Ohio Republicans have introduced legislation that would ban the teaching or recognition of slavery as an integral component of the founding of the United States or the Confederacy, white nationalist use of workplace race oppression I.E.(Arbeit Macht Frei), or the concept of, or recognition of gender diversity such as a transgender student’s pronouns, be it legal or preferred.

HB 322 would leave it up to the teachers’ discretion discussions of or teaching about current and past events regarding racism and gender diversity. The bill also makes it clear that if a teacher decides to take on these matters, grading or testing will be inconsequential and not counted when determining whether a student graduates.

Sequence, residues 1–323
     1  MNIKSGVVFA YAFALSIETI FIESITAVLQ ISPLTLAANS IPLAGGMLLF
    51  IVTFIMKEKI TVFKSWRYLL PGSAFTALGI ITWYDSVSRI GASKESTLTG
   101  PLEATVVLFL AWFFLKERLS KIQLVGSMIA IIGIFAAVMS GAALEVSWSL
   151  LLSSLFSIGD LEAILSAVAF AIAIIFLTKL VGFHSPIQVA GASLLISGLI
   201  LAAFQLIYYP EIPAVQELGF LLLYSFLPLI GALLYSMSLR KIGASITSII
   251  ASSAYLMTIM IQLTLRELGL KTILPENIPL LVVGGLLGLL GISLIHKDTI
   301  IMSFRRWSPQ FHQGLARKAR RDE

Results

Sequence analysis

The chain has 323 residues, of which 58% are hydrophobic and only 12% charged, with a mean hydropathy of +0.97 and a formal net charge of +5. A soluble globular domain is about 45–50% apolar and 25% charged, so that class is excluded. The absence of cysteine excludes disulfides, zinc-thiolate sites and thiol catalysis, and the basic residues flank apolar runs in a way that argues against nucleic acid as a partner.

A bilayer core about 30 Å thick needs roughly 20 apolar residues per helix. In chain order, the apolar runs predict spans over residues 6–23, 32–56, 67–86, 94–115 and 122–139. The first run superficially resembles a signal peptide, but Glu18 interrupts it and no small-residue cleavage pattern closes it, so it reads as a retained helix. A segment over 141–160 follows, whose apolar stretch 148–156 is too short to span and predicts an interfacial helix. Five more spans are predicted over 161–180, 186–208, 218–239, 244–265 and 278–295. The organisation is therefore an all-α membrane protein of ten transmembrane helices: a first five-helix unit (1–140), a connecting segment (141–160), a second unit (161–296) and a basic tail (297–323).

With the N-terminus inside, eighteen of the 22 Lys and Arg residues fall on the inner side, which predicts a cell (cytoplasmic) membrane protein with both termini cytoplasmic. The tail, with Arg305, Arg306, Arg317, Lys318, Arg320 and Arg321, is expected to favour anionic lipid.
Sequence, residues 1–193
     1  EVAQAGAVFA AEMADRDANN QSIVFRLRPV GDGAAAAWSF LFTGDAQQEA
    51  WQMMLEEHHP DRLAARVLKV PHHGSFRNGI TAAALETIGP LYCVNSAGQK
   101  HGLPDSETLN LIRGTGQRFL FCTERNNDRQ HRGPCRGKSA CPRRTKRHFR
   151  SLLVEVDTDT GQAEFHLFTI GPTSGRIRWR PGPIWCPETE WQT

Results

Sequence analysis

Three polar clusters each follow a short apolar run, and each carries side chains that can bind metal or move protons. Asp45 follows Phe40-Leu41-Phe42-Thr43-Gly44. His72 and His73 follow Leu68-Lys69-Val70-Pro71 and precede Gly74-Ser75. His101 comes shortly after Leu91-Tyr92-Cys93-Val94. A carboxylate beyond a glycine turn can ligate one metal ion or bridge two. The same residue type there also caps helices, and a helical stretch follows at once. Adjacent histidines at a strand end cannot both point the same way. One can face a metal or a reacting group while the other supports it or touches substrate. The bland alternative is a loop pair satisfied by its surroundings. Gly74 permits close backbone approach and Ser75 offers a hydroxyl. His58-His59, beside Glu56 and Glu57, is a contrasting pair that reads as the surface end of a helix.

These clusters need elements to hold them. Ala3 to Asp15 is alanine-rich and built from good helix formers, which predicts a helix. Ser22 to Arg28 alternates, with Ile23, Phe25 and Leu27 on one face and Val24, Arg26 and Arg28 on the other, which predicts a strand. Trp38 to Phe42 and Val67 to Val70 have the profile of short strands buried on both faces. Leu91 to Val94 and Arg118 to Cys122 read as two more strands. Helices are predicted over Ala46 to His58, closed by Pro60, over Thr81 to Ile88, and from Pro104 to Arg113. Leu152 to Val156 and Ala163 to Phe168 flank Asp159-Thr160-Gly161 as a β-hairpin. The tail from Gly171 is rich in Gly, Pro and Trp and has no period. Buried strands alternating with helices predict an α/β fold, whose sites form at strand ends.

The bill makes funds unavailable for teaching or discussions regarding social activism, lobbying, and teaching about legislative processes “and Like Ideas”.

Don’t think this could happen here? It already is.

In 2016 the ACLU filed a lawsuit to stop the KENOSHA UNIFIED SCHOOL DISTRICT from requiring green wrist bans to be worn by transgender students to easily identify them when they entered a restroom. This is the same method used to identify transgender youth, women, and gay men imprisoned in Nazi concentration camps.

Tennessee law now requires a sign to be posted at the door of restrooms and locker rooms warning cisgender people they are at risk of encountering a transgender person in those spaces.

Buried deep within HB 322 seemingly innocuous verbiage:

Sec. 3313.6027. (A) No state agency, school district, or school administration shall require a teacher of history, civics, United States government and politics, social studies, or similar subject areas who is employed by the board of education of a school district to discuss current events or
widely debated and currently controversial issues of public policy or social affairs.